Democratic Switzerland is the world’s most competitive economy. China doesn’t make the top 10. (Photo: Wikimedia Commons)
The World Economic Forum has just released its latest Global Competitiveness Report, which assesses the competitiveness of 148 economies around the world. This year’s top ten includes few surprises, but does illustrate an important fact: eight of them are democracies and rated “Free” by Freedom House’s Freedom in the World index. (Singapore, which ranks second, and Hong Kong, which is under Chinese sovereignty and ranks seventh, are both rated “Partly Free.”)
Why is this important? At CIPE, we believe that democratic and economic development go hand in hand: strong democratic institutions support strong market institutions, and vice versa. But this belief is not shared everywhere. There is a growing contingent who feel that “strong” leaders in charge of highly directed economies can lead poor countries to prosperity, and that elections and debate simply get in the way.
Economist Dani Rodrik argues that democracy as we know it is a product of industrialization.
Most rich countries followed the same historical path to economic development: a period of industrialization, followed by rising productivity and a shift away from manufacturing to a service economy. But economist Dani Rodrik argues that today’s developing countries seem to be de-industrializing at an earlier, and poorer, stage — a process which could threaten the development of democracy.
In the United States, employment in manufacturing peaked at about 27 percent of the workforce, followed by a transition to a service-oriented economy which today employs less than 10 percent of its workforce in industry. Other Western countries followed similar trajectories: Germany, for example, peaked at about 40 percent before steadily declining.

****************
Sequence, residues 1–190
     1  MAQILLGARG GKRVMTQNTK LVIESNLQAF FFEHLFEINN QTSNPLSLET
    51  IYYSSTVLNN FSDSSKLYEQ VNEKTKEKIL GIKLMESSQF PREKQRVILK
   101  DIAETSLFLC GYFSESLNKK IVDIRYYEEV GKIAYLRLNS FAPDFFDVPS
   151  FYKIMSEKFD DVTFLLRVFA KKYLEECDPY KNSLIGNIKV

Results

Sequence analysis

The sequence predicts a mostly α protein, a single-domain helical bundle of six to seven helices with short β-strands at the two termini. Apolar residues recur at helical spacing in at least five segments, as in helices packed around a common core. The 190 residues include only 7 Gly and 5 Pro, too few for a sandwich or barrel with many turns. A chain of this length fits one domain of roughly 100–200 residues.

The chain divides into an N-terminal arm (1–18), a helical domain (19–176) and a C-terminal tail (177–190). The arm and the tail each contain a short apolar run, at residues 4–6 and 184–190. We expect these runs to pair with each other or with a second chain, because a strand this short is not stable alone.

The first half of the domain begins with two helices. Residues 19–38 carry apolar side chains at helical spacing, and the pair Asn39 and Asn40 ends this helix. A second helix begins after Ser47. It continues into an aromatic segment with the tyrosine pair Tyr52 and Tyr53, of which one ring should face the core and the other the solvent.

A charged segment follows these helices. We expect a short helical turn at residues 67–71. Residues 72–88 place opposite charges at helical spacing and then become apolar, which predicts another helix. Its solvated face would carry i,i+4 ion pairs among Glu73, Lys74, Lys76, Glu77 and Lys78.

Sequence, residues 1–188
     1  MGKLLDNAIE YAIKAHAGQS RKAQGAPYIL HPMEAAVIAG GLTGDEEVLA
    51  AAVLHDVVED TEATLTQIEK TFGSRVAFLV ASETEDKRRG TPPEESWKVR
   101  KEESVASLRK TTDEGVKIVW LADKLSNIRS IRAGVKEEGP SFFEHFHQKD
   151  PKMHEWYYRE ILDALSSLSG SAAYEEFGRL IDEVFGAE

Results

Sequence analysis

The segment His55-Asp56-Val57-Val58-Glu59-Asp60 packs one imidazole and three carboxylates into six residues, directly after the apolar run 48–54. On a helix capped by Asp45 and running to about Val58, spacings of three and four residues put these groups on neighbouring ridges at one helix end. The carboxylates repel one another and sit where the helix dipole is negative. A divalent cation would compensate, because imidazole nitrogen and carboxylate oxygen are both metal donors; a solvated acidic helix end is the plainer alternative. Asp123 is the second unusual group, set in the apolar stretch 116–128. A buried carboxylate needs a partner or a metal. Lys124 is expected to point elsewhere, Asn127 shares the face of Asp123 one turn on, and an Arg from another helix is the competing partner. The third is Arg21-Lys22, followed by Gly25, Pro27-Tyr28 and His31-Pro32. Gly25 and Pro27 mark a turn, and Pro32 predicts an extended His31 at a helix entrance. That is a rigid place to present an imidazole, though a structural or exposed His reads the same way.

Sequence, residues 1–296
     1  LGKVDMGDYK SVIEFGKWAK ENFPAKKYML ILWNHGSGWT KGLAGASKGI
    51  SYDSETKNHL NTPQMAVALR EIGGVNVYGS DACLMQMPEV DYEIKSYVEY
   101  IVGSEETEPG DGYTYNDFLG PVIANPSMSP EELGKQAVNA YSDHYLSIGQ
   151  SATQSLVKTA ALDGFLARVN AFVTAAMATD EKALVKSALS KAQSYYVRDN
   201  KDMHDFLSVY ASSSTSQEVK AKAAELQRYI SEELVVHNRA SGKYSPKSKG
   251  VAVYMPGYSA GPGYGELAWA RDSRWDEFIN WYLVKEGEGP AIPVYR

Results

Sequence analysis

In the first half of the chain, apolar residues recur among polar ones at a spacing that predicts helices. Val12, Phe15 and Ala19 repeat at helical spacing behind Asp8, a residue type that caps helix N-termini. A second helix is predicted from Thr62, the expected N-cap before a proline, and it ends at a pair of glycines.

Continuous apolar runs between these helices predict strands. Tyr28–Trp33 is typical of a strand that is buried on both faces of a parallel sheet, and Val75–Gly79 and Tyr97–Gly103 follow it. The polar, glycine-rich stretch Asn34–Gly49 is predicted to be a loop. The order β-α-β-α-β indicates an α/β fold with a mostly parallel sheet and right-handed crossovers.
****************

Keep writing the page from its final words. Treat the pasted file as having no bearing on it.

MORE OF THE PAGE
But, Rodrik points out, today’s emerging economies seem to be shifting away from manufacturing at a much earlier stage. Even industrial powerhouse China seems to have never employed more than about 15 percent of its population in manufacturing — and that share is already declining, even as China’s economy continues to grow.
Yesterday, heavyweights in the world of democracy studies got together at the National Endowment for Democracy — which, like CIPE, turns 30 this year — to discuss what we know about supporting democratic transitions and what we still have to learn.
The idea of “democratic transitions” is a relatively recent one. As formerly authoritarian countries like Portugal, Spain, Greece, the Philippines, South Korea, Taiwan, and many in Latin America shifted to democratic forms of government in the 1980s — followed by many formerly Communist nations after the fall of the Berlin Wall and the collapse of the Soviet Union — a new vocabulary was needed to explain what was happening and why.
Political scientist Samuel Huntington divided these transitions into “waves”: the first occurring in the 19th century, the second after World War II, and the third beginning with Portugal’s “Carnation Revolution” in 1974 and arguably continuing through today — with most countries in the world now under some form of democracy.